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      Measurement and Definitions of Obesity In Childhood and Adolescence: A field guide for the uninitiated

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      Nutrition Journal
      BioMed Central

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          Abstract

          This paper aims to guide readers embarking on the complex literature in respect of childhood and adolescent obesity. It opens with a discussion of definitions of 'obesity' based on overall fat levels and the significance of fat distribution. This is followed by simple descriptions of the various techniques used to measure fat, including density-based, scanning, bioelectrical impedance and anthropometric methods. The paper then turns to 'overweight' and the measurement of weight in relation to height, particularly via body mass index (BMI). While it is a relatively simple measure and a valuable tool, BMI has several disadvantages, which are described. These include a lack of consensus on which values should be used to define 'overweight' or 'obese', with the result that the literature contains a confusing multiplicity of child and adolescent obesity rates.

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          Physical Status: The Use and Interpretation of Anthropometry

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            Beyond body mass index.

            Body mass index (BMI) is the cornerstone of the current classification system for obesity and its advantages are widely exploited across disciplines ranging from international surveillance to individual patient assessment. However, like all anthropometric measurements, it is only a surrogate measure of body fatness. Obesity is defined as an excess accumulation of body fat, and it is the amount of this excess fat that correlates with ill-health. We propose therefore that much greater attention should be paid to the development of databases and standards based on the direct measurement of body fat in populations, rather than on surrogate measures. In support of this argument we illustrate a wide range of conditions in which surrogate anthropometric measures (especially BMI) provide misleading information about body fat content. These include: infancy and childhood; ageing; racial differences; athletes; military and civil forces personnel; weight loss with and without exercise; physical training; and special clinical circumstances. We argue that BMI continues to serve well for many purposes, but that the time is now right to initiate a gradual evolution beyond BMI towards standards based on actual measurements of body fat mass.
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              Body fatness and risk for elevated blood pressure, total cholesterol, and serum lipoprotein ratios in children and adolescents.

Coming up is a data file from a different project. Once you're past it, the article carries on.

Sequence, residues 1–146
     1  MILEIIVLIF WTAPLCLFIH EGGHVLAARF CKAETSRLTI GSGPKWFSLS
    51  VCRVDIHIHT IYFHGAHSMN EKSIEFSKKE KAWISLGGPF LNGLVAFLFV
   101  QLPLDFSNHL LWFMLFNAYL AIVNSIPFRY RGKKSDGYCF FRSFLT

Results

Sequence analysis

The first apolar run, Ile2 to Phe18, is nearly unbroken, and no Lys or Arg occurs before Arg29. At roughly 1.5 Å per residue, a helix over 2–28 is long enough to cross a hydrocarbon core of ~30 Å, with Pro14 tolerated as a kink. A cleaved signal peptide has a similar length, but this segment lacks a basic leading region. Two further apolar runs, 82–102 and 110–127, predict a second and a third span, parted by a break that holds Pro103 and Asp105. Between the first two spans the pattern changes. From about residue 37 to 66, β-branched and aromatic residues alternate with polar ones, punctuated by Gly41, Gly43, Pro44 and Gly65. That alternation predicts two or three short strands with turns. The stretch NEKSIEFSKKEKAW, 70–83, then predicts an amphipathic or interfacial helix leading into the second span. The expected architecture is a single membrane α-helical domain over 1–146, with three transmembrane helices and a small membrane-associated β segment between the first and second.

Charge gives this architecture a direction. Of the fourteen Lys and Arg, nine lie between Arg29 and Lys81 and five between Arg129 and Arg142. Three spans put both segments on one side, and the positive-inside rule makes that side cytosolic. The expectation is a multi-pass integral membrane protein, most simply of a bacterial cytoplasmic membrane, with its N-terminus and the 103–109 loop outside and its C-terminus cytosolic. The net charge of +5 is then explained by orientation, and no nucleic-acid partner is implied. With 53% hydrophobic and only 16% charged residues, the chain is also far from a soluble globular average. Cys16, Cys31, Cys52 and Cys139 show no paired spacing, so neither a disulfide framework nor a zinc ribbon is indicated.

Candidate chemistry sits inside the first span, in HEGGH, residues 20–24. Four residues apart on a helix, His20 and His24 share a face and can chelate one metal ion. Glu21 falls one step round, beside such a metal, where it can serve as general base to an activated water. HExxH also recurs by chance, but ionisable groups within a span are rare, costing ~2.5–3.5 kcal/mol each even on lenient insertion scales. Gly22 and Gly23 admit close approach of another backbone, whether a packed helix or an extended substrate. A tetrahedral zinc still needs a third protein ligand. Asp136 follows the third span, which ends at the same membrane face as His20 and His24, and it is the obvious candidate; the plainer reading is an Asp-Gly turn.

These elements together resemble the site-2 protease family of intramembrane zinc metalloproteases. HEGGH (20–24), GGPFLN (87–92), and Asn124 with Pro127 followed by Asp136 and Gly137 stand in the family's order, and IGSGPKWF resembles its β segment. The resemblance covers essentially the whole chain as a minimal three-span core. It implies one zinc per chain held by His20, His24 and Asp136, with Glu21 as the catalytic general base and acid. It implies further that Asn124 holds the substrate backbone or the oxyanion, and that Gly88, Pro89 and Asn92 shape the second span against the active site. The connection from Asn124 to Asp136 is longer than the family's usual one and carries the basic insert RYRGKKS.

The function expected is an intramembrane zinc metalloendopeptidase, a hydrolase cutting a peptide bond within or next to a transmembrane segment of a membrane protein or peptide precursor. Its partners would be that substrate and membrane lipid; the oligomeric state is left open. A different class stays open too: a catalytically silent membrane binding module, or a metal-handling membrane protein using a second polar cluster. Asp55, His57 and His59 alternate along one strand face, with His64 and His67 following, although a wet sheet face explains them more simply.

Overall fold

Recent studies have shown considerable variation in body fatness among children and adolescents defined as obese by a percentile rank for skinfold thickness. We examined the relationship between percent body fat and risk for elevated blood pressure, serum total cholesterol, and serum lipoprotein ratios in a biracial sample of 3320 children and adolescents aged 5 to 18 years. Equations developed specifically for children using the sum of subscapular (S) and triceps (T) skinfolds were used to estimate percent fat. The S/T ratio provided an index of trunkal fat patterning. Significant overrepresentation (greater than 20%) of the uppermost quintile (UQ) for cardiovascular disease (CVD) risk factors was evident at or above 25% fat in males (32.2% to 37.3% in UQ) and at or above 30% fat in females (26.6% to 45.4% in UQ), even after adjusting for age, race, fasting status, and trunkal fat patterning. These data support the concept of body fatness standards in White and Black children and adolescents as significant predictors of CVD risk factors. Potential applications of these obesity standards include epidemiologic surveys, pediatric health screenings, and youth fitness tests.
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                Author and article information

                Journal
                Nutr J
                Nutrition Journal
                BioMed Central
                1475-2891
                2007
                26 October 2007
                : 6
                : 32
                Affiliations
                [1 ]MRC Social and Public Health Sciences Unit, 4, Lilybank Gardens, Glasgow, G12 8RZ, UK
                Article
                1475-2891-6-32
                10.1186/1475-2891-6-32
                2164947
                17963490
                07395dde-e13c-4f04-961a-545f8c22399c
                Copyright © 2007 Sweeting; licensee BioMed Central Ltd.

                This is an Open Access article distributed under the terms of the Creative Commons Attribution License ( http://creativecommons.org/licenses/by/2.0), which permits unrestricted use, distribution, and reproduction in any medium, provided the original work is properly cited.

                History
                : 15 March 2007
                : 26 October 2007
                Categories
                Review

                Nutrition & Dietetics
                Nutrition & Dietetics

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